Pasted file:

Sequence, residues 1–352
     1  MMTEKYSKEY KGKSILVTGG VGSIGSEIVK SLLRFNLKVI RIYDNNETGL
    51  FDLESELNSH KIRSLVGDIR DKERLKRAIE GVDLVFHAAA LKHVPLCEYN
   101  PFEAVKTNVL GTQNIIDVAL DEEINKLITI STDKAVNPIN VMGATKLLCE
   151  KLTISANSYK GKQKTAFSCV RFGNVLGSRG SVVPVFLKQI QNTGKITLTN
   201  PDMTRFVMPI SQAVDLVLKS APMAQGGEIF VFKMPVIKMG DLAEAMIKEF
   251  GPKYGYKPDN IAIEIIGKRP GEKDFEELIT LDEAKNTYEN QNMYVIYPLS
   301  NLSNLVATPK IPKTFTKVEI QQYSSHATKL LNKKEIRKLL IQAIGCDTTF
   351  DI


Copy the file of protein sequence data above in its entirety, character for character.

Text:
Sequence, residues 1–352
     1  MMTEKYSKEY KGKSILVTGG VGSIGSEIVK SLLRFNLKVI RIYDNNETGL
    51  FDLESELNSH KIRSLVGDIR DKERLKRAIE GVDLVFHAAA LKHVPLCEYN
   101  PFEAVKTNVL GTQNIIDVAL DEEINKLITI STDKAVNPIN VMGATKLLCE
   151  KLTISANSYK GKQKTAFSCV RFGNVLGSRG SVVPVFLKQI QNTGKITLTN
   201  PDMTRFVMPI SQAVDLVLKS APMAQGGEIF VFKMPVIKMG DLAEAMIKEF
   251  GPKYGYKPDN IAIEIIGKRP GEKDFEELIT LDEAKNTYEN QNMYVIYPLS
   301  NLSNLVATPK IPKTFTKVEI QQYSSHATKL LNKKEIRKLL IQAIGCDTTF
   351  DI